§ Lords Amendment: In page 4, line 32, at end, insert "spiritual."
§ Mr. Butler
I beg to move, "That this House doth agree with the Lords in the said Amendment."
It has been felt by the Government that the introduction of this word "spiritual" is the best method to adopt of meeting those who feel that the definition in Clause 7 does not include a reference to the various portions of the Bill which deal with religious education. "Spiritual" is the most satisfactory word, and the word which has received the most general support.
§ Professor Gruffydd (University of Wales)
I hope that this House will not agree with the Lords on this matter. The word "spiritual" is either quite innocuous and meaningless or it has a definite meaning. If it is innocuous there is no need to insert it, and if it has a meaning at all it is a meaning that a large part of the community would object to see expressed in an Act of Parliament. We have heard a lot of talk about the balance which the President of the Board of Education has managed to achieve among the different sections of the community, and to insert the word "spiritual," the most numinous word one could possibly find, into an Act of Parliament will entirely upset any understanding dependent on that balance. I would explain what I mean by that.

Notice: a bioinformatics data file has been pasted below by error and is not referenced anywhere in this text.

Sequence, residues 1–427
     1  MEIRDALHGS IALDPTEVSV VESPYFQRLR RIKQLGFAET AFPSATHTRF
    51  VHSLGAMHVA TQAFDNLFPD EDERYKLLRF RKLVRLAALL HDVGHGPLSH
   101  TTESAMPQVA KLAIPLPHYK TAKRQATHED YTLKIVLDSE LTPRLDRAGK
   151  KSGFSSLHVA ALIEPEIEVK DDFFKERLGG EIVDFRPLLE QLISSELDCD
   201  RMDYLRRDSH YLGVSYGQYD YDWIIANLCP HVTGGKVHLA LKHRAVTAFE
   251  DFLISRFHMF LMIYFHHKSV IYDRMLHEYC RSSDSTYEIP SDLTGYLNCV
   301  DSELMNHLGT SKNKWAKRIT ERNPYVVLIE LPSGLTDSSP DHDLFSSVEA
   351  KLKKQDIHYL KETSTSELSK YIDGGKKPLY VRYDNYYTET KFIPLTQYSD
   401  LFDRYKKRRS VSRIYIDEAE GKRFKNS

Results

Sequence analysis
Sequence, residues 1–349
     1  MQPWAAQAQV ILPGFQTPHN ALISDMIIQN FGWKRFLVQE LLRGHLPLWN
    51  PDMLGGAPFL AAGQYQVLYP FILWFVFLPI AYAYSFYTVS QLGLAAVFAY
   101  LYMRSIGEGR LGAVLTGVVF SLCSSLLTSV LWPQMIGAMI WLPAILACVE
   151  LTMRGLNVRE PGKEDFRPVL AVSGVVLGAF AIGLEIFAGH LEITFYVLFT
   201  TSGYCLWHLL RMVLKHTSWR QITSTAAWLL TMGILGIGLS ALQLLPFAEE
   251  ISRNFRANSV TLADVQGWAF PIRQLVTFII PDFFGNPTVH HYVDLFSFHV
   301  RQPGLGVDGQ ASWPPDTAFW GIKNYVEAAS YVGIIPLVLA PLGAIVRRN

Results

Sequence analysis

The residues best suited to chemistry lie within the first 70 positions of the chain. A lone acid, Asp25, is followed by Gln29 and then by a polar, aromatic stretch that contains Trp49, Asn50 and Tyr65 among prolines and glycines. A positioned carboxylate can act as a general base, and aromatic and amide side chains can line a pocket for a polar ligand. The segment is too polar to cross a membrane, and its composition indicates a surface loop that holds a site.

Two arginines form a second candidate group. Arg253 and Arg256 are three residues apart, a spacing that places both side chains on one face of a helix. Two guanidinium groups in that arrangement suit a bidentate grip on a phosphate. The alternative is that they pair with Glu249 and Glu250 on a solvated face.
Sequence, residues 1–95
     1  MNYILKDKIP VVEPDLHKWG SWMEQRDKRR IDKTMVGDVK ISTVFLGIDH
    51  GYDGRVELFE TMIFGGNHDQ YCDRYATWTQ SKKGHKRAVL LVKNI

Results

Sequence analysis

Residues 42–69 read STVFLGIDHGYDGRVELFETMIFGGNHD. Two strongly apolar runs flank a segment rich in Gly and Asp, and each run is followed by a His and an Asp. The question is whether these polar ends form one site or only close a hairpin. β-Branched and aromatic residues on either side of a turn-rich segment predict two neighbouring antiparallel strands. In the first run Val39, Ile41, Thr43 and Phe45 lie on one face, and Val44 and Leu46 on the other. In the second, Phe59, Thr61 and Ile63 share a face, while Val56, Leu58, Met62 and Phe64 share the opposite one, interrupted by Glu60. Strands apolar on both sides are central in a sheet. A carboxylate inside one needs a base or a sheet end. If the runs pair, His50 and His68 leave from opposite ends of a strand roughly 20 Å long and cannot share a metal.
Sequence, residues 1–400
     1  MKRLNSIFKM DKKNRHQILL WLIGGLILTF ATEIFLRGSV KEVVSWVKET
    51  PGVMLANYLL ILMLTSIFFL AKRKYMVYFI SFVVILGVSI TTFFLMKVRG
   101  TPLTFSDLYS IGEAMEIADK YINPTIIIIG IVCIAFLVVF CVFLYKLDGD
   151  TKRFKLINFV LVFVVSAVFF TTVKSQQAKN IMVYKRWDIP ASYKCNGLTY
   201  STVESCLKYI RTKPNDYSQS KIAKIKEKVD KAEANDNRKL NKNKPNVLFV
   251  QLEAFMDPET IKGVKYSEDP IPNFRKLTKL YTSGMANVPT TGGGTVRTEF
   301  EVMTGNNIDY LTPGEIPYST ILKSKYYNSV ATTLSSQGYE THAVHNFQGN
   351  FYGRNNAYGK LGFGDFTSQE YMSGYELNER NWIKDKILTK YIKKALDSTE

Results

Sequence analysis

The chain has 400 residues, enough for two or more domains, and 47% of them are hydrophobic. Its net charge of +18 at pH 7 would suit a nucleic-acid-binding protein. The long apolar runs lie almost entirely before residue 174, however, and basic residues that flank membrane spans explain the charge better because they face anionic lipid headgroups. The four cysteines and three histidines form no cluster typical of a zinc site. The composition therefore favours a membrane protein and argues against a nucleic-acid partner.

There are large sections of the religious community in this country who believe that the schools should teach the people religion. They are generally either Catholics or Anglicans. We have made provision for them; they have their own voluntary schools and we have met them very generously in this matter and have provided means by which they can follow the dictates of their own conscience. But there is also a very large section of the religious population of the country, Non-conformists and people not attached to any Church, who object to the very idea that the State, and especially the local education authorities, should be put in charge of the spiritual teaching of the country. I hope that what I regard as an 922 injustice, and even an impertinence, to these people will not be allowed, and I think we should disagree with the Lords in this matter. Before I sit down I should like to say that there is a popular cliché of thought going round among the very same people who at the end of the last war were all for licence and irreligion. Now they are all hot and bothered about religion. They are no more religious now than they were then.
§ Sir Patrick Hannon (Birmingham, Moseley)
I am very grateful to my right hon. Friend the Minister for accepting this Amendment and I am astonished at the speech which has just been made by the hon. Member for the University of Wales (Professor Gruffydd). The whole structure and background of this Bill are based upon the deep religious convictions of the people of this country, of whatever denomination they may be. As was said during the earlier proceedings on the Bill the President has conferred a great endowment upon the public life of this country by handling the religious aspect in education in the way he has done, and I hope the House will agree with the Lords Amendment.
§ Question, "That this House doth agree with the Lords in the said Amendment," put, and agreed to.